On the agenda of the MoMo session on September 13 at the iHub was:
Mobisoko by Juliana Rotich
Mlab by Ken Mwenda and Jessica Colaco
I-Match by Akirachix (Judith Owigar, Linda Kamau and Marie Githinji)
App store for Africa
Juliana noted that mobile phone usage grew by 550% in 2009. She also noted that Africans are becoming App and content creators. We as Africans need to create applications that are relevant to us. Mobisoko is a place where we can find applications that are made for us by us.
‘The poor can at least afford poorly designed products and services’ @janchip
Developers can email their applications to [email protected]
for their apps to be added to the mobisoko store. All rights of the app will remain with the developer.
The Mlab is an space where local companies, technologists and experts can collaborate to develop locally relevant applications that meet user demands and build sustainable businesses. It is a mobile lab for East Africa. The *iHub consortium, comprising Nairobi’s iHub
, the World Wide Web Foundation
andThe University of Nairobi School of Computing and Informatics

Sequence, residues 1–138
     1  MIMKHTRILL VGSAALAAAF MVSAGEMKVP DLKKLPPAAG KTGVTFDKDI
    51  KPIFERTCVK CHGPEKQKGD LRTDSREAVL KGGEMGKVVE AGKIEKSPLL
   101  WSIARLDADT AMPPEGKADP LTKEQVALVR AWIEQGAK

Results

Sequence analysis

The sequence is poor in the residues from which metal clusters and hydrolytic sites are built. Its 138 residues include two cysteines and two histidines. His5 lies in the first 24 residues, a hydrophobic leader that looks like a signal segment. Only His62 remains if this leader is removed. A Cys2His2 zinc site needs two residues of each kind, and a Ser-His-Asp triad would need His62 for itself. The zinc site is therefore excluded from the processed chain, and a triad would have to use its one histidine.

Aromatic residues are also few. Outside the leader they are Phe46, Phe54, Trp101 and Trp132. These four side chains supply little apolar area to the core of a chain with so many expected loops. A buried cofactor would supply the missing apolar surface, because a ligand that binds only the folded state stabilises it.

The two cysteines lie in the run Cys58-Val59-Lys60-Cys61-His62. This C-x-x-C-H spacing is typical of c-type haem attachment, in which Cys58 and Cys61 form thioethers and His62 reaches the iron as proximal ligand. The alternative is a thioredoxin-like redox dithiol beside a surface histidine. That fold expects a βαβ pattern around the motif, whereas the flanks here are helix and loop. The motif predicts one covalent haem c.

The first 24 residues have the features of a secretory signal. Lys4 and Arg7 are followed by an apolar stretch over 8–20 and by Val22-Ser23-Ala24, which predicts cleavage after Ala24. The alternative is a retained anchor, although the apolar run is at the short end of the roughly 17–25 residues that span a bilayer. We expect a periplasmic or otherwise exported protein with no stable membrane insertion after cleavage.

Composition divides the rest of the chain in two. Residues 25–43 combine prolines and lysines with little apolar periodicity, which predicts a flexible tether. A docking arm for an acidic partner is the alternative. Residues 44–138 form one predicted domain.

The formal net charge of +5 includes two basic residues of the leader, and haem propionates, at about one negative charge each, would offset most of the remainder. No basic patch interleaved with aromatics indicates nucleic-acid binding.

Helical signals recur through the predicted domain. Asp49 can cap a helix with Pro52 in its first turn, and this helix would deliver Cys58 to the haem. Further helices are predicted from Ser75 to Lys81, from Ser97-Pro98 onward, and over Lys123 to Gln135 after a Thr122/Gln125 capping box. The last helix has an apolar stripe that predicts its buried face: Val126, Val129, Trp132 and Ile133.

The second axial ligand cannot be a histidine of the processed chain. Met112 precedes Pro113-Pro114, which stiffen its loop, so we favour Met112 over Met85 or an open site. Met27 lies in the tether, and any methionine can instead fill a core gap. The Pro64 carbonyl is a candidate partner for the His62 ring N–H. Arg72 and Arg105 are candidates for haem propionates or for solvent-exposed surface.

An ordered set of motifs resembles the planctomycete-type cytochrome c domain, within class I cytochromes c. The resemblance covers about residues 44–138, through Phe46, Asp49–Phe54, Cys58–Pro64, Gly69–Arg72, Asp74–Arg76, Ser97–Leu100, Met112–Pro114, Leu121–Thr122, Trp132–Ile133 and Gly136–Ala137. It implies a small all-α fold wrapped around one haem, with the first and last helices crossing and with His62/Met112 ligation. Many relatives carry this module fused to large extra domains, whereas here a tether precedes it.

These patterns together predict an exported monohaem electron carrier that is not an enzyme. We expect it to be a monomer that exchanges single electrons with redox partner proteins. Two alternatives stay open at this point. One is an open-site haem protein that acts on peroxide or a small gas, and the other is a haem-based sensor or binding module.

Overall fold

, was chosen to host the East Africa lab.It is funded byInfodev
. It is the first of its kind in Africa, another lab will be set up in South Africa.
The reason it was set in Kenya: Critical mass of quality programmers, universities, technology corporations and a government focused on ICT growth.
Mobile application developers will be able to train, interact, work, and gain access to tools. The lab will provide an environment conducive to the development of solutions that have the potential to scale commercially.
MXit is a South African Tech firm. It was founded in 2004/2005. The MXit presentation took us through the journey of how MXit came to be and how it got to where it is today. The first MXit iteration was developed in flash using the XMPP platform. Infobot was the name of the first MXit bot. There have been many other bots developed. Currently MXit is written on the MXit protocol.
We were also challenged by Dickson Kirathe a developer with futuristic to develop applications for the cheap phones that come from China popularly referred to as china phones. These phones are usually dual sim, with cameras, have touch screen, low processing capacity and are half or even quarter the price of high end phones available in the market. He said these phones do not run java apps (subject to confirmation) or android and seeing their growing popularity in Kenya (and Africa) we should consider them when developing applications. Most run on the MTK operating system.